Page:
When analysing results in science we often look for something called ‘correlation’. This is a term that we give for a relationship or connection between two things. Finding and defining these relationships can be very useful to understand the way our world works.
However we can often fall into a trap, assuming that if there is a correlation, then that MUST mean one thing causes the other. Sometimes this is the case, for example there is a correlation between time spent driving a car and likelihood of a motor accident. Of course the more time you spend in a car, the higher the chance you may end up in a motor accident. This isn’t always the case though. Rather amusingly, there is a strong correlation between number of pirates and global average temperature (as number of pirates decrease, temperature rises). Now we can instantly tell this seems nonsense and is probably just a coincidence but other examples could be less clear.
Physics is often split into different fields to help us understand them. These range from Classical mechanics to Cosmology and include every area of physics research and understanding. Two of the most revolutionary fields in the last century are the fields of Gravity and Quantum Physics.
Einstein famously revolutionised our theories on gravity with his publications on relativity. He alongside scientists such as Planck, Lorentz, Poincare and Michelson from the basis of our understanding of relativity and gravity.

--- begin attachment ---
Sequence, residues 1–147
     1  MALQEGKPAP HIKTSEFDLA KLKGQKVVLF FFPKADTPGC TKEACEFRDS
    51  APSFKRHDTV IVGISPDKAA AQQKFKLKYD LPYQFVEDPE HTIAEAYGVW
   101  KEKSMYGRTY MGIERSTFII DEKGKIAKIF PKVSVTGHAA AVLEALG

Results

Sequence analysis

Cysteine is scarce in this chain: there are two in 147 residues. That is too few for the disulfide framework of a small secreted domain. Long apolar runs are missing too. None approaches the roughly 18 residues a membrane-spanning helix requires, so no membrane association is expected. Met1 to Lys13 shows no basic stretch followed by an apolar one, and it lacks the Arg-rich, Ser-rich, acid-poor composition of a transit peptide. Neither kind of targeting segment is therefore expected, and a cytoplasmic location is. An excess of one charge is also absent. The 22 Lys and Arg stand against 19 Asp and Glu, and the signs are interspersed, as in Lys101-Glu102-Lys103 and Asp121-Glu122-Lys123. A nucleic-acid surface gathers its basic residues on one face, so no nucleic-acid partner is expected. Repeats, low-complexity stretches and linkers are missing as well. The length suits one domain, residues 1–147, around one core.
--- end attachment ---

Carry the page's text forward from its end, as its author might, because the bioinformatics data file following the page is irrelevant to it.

A few decades later de Broglie, Heisenberg, and Schrodinger among others built on previous work to formulate an approach known as quantum theory. While relativity, Newtonian mechanics and other similar fields dealt with the large scale machinations of the universe. The quantum realm was limited to the very small.
Both fields were shown to be testable, robust and have formed a vital part of our physics understanding for many years. However, they have never quite matched up and worked nicely together. There appears to be a crossover point at a certain size that below which, things start to ignore Gravity and become governed by quantum mechanics. The exact nature of this changeover has confused and confounded scientists for many years but we may be getting closer to investigate this in more detail.
A group of scientists in Oxford have just finished designing and building a device that hopes to probe this mysterious boundary to give us a better idea of what might be going on. It will likely be a few months before results from this will be analysed and presented but these results could further help us understand the mysteries of the world around us.
Today in Science: August 15th marks the 40th anniversary of the Wow! signal. This famous radio pulse was detected on Ohio State University’s Big Ear radio telescope. It was a very strong 72 second long radio burst. The strength of this signal, along with its length caused scientists to determine that it was unlikely this signal came from Earth, and also had the possibility of not being naturally occurring. This got people considering whether we were alone in the universe. It was though that maybe this provided evidence of alien life.
In recent times it has been suggested that rather than aliens it could have been produced by hydrogen clouds surrounding comets. In the past these have produced similar signals. However, researchers at Big Ear have criticised this theory, stating that no comets were present at the time of the recording.
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